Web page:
I'm reading Bill O'Reilly's latest book, Killing Patton. Bad reviews aside, the book reminded me of a classic quote from General George Patton ...
"Don't tell people how to do things; tell them what to do and let them surprise you with results."
Well, the good general has one thing right in his thinking: There is a surprise coming.
I suppose the General forgot about boot camp, otherwise known as basic training. The essence of basic training is to teach men and women HOW to do what needs to be done. "How" must precede "what."
Aren't you regularly surprised by what people don't know how to do?
I truly believe that every business problem I have seen in my years in consulting and leadership could be traced back to a nexus of poor or nonexistent training. Leaders may speak about culture and policies during on-boarding, but a vacuum exists, in general, in the teaching of "how."
Remember Lombardi's classic opening to his training camps for the Green Bay Packers ... "Gentlemen, this is a football." His first few days of camp ... for an NFL team ... consisted of blocking and tackling drills. How many games were lost in the NFL this past season because of miserable blocking and tackling? Most players know WHAT to do but have perhaps forgotten HOW.
Our millennial leaders and those in development learn from YouTube and Google. If we pay close to attention to the training being delivered online, we will probably conclude the video creator was well aware of the HOW-GAP. YouTube has become a how-to library.
So leaders, how much time per week do you spend teaching the younger members of your team on how to do what you expect them to do? Please consider the following tips for training:
- Frequency. I recommend no less than one specific training class per week. How would your ministry be changed with 50 training sessions this year? Transfer the HOW to your team with sustained, consistent effort.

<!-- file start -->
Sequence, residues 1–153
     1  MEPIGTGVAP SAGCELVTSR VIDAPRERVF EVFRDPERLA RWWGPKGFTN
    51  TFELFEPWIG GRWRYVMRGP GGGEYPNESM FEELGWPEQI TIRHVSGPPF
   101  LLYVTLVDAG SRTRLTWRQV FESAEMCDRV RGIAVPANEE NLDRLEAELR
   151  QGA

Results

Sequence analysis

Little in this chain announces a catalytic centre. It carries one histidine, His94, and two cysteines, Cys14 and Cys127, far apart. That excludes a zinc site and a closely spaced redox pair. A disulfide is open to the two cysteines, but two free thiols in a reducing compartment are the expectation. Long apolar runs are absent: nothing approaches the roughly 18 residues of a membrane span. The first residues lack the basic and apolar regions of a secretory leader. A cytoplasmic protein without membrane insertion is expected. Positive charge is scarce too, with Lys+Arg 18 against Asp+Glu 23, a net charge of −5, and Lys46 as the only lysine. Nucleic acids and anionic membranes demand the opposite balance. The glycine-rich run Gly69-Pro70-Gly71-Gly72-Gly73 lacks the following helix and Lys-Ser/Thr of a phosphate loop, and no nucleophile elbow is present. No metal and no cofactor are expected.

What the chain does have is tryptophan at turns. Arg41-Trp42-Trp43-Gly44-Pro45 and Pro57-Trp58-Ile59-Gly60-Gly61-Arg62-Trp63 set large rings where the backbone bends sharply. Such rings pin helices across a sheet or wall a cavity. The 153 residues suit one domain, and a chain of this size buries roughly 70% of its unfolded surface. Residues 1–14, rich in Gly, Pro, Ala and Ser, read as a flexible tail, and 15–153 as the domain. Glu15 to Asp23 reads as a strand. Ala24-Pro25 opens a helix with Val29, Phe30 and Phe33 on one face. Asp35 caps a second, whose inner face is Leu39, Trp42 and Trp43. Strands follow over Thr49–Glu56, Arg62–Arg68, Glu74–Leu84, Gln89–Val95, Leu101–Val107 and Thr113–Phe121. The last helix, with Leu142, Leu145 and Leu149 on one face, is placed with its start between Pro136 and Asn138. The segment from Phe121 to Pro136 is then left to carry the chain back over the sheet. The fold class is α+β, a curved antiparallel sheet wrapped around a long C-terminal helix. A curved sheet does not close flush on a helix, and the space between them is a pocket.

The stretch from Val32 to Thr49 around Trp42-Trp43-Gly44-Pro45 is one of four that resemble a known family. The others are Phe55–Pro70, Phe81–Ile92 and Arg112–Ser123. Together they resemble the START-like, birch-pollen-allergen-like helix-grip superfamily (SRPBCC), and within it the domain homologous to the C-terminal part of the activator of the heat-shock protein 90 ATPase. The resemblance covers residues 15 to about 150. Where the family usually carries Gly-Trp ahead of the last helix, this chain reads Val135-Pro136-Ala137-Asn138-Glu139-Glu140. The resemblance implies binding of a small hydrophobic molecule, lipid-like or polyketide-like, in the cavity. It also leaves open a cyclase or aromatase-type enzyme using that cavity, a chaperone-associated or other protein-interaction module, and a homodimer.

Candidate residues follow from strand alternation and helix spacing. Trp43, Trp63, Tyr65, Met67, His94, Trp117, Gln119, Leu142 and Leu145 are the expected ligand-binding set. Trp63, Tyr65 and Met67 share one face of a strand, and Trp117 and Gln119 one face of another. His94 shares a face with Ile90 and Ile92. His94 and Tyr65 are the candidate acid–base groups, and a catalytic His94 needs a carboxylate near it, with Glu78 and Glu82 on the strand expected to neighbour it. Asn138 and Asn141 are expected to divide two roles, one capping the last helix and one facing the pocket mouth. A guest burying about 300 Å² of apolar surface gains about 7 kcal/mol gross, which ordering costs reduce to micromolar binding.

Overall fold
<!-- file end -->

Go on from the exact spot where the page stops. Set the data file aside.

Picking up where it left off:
- Basics. Teach blocking and tackling. Do you have a "how-to-greet-visitors class?" Handshakes and eye contact seems to be a declining skill set. Start all training with the basic assumption that your team doesn't know the basics. And of course, there's nothing wrong with reminder training.
- Train the trainer. Leaders frequently delegate training to someone who hasn't been trained in the topic or teaching methods. Invest resources in the development of trainers.
- Curriculum. Certainly, great libraries are available for training content. Be careful to review and edit ALL outside material. It's much better for the leadership team to develop, write and conduct in-house training.
- Read and write. Reading should be a significant component of all training. Since all of your team can probably use writing help, I recommend a written assignment be included at the conclusion of every class. Ask open-ended questions and review the content of the answers as well as the writing. My prophecy is that you will quickly see that training needs to happen twice each week.
And what's a training session without a good devotion? Find a Bible lesson to tie in to every class. Pray for the Holy Spirit to teach the hearts and minds of your team.
The efficacy of your ministry will ultimately depend upon know-how.
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